How to Survive Test Week

How to Survive Test Week
Written by: Coach Evan

We’re coming up on the end of our training cycle. For those of you who don’t know, our cycles are 8 weeks long starting with one week of testing new movements/lifts/workouts. This sets up the foundation of our strength work and conditioning work, which takes up the following 6 weeks. The 8th week is a retest, an exact copy of the first week to see how we’ve progressed. I hear often that test weeks produce anxiety for many athletes at Derby City CF. Here are some tips that will help you do well during the retest week and future test weeks.

1. Don’t change your routine. Your body is used to how and when you perform, and changing things will throw it off. We want to put ourselves in the prime conditions for testing. Unless your routine involves poor sleeping and eating habits, stick to the normal routine. If your routine does involve the above, maybe now isn’t the time for a big overhaul, but it’s time to start thinking about making those changes.

2. Don’t get hung up on a number or a time or certain number of rounds/reps. Our biggest obstacle is almost always our mind. Our bodies are capable of far more than our brains usually allow. Case in point, for a while I was stuck at a 295# back squat. 295 would be nice and smooth, 300 would be failure. Every time. Until Coach Slater loaded my bar for me one day without telling me what he was putting on. I proceeded to squat 305 and then 310, almost getting 315. I don’t suggest that kind of psychological trickery all the time, but the following is something I do almost every day.

3. Envision your lift. When it’s time for the big lift, tighten your belt, chalk up your hands, walk to the bar, look forward, and then close your eyes. See yourself performing the lift. Go over every minor detail. Feel how the bar feels, how the weight moves, how your muscles react. Imagine that perfect drive off the floor; the smoothest sweep into power position. Envision the perfect lift. You know what it looks like. You now know what it should feel like. Open your eyes, tighten down on the bar, and lift. No extra thinking, no pausing after getting ready, commit to the lift once you grab onto that bar. If you aren’t ready, or you screw up your pre-lift ritual, that’s ok. Start over and don’t go until it feels right.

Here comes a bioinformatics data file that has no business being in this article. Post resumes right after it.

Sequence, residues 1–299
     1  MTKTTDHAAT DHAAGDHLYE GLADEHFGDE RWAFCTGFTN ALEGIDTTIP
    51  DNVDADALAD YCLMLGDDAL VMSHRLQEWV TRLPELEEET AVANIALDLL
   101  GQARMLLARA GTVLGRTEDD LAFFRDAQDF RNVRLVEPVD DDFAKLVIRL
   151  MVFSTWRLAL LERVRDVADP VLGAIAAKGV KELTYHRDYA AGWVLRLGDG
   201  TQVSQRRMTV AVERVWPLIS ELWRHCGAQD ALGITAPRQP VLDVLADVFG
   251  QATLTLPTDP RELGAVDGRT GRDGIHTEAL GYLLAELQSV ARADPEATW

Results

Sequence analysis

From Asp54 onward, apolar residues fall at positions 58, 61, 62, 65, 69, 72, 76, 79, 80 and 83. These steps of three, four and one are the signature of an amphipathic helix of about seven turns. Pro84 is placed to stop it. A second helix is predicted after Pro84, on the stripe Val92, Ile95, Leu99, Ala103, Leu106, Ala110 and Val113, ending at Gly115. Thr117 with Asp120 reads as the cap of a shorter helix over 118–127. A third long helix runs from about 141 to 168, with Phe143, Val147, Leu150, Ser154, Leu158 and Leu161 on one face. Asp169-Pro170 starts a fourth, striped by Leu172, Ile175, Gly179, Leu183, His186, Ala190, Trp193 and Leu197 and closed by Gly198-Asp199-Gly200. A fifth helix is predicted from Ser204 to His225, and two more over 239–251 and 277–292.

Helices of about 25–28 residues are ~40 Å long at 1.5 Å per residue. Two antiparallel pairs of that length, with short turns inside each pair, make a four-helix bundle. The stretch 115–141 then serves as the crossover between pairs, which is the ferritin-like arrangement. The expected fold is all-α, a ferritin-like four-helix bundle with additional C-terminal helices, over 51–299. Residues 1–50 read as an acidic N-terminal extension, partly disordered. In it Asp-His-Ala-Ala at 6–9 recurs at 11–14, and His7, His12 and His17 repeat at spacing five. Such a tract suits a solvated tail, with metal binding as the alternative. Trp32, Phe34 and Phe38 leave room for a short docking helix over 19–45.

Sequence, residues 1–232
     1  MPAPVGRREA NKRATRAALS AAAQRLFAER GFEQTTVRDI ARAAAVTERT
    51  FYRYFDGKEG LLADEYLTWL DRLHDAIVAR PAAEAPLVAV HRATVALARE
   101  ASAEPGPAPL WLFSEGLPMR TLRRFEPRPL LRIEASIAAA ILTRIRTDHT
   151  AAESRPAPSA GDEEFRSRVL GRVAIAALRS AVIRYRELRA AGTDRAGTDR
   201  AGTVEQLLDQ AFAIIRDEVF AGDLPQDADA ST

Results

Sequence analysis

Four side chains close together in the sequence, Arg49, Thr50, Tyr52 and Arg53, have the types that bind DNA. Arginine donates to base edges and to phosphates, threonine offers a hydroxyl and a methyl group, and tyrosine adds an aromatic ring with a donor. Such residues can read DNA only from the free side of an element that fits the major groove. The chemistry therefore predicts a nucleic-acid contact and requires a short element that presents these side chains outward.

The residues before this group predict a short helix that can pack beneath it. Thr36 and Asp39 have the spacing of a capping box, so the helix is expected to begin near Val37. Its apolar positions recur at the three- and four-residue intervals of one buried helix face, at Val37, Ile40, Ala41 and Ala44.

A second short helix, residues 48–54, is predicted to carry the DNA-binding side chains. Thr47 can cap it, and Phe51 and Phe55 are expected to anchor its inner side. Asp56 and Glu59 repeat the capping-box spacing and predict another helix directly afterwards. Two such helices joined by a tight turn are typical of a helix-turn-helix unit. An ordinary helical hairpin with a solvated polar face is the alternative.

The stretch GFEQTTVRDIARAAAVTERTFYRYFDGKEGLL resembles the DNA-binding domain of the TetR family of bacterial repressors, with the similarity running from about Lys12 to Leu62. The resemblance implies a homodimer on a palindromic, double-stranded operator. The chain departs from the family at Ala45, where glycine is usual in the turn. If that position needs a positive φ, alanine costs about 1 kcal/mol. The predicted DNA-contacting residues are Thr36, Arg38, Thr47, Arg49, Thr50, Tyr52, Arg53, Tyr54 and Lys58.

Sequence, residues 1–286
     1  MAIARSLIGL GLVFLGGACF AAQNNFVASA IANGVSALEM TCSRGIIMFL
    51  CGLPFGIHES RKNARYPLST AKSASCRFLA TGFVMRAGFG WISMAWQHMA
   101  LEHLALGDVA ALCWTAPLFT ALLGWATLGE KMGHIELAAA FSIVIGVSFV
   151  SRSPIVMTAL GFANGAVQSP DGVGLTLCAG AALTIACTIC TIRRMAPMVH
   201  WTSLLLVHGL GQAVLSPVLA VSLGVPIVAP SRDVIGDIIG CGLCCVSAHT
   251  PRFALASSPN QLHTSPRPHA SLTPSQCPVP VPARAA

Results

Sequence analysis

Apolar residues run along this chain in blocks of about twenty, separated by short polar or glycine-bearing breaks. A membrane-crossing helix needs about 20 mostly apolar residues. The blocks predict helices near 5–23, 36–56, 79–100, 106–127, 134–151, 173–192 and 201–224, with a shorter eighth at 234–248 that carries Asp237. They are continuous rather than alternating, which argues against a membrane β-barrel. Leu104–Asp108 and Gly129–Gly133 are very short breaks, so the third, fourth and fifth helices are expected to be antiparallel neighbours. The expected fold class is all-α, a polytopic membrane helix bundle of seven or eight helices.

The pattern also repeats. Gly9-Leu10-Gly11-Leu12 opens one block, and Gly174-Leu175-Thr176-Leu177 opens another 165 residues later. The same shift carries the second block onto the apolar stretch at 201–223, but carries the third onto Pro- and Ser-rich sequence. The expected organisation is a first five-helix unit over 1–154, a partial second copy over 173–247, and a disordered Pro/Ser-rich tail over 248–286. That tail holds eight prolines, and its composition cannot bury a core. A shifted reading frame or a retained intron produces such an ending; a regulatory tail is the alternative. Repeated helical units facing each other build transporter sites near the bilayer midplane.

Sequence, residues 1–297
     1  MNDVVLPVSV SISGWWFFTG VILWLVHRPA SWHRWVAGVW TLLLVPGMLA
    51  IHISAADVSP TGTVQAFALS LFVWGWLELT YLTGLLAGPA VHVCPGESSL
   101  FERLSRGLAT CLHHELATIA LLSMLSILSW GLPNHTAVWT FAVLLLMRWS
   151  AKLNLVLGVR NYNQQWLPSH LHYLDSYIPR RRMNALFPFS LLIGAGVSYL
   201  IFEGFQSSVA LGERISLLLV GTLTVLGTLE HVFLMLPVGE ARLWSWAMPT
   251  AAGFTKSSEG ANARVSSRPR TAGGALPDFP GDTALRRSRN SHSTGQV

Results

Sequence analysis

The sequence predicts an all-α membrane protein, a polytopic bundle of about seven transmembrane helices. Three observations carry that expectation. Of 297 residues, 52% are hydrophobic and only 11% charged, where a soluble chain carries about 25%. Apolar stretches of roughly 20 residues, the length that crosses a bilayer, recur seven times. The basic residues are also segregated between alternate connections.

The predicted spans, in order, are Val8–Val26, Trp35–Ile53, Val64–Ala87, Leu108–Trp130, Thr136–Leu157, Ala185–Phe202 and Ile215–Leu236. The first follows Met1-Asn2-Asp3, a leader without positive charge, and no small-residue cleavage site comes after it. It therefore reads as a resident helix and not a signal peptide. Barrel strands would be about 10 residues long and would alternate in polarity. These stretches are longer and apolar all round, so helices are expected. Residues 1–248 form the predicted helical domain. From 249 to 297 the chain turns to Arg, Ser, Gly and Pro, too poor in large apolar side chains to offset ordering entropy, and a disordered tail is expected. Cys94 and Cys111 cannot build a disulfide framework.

4. It is not do or die. All that being said, don’t put so much pressure on yourself. Enjoy moving your body in ways it was meant to be moved. Enjoy expressing athleticism and beauty of movement. If you fail a lift, evaluate and try again. If you keep failing, you are not a failure. Testing requires our central nervous system to be in prime condition. Just because it’s test week doesn’t necessarily mean your body is ready for test week. If you do worse on a workout it doesn’t necessarily mean you’re less fit, especially if you put in the work. Not everything will be perfect, and life and training goes on. There will be better days. Enjoy those good days.

5. Last but not least, enjoy the air of competition and camaraderie! There’s nothing wrong with a shout of joy after hitting a PR. Ring that PR bell. Scream for your friends, encourage strangers, run and jump around. Have fun. What is all of this if it’s not fun? A boring class can be the difference between a PR and a failed lift. You can make that difference.

Test weeks can be stressful, but they can also be fun. Let’s be good accountability partners and make sure everyone shows up and let’s have an excellent week of fitness.

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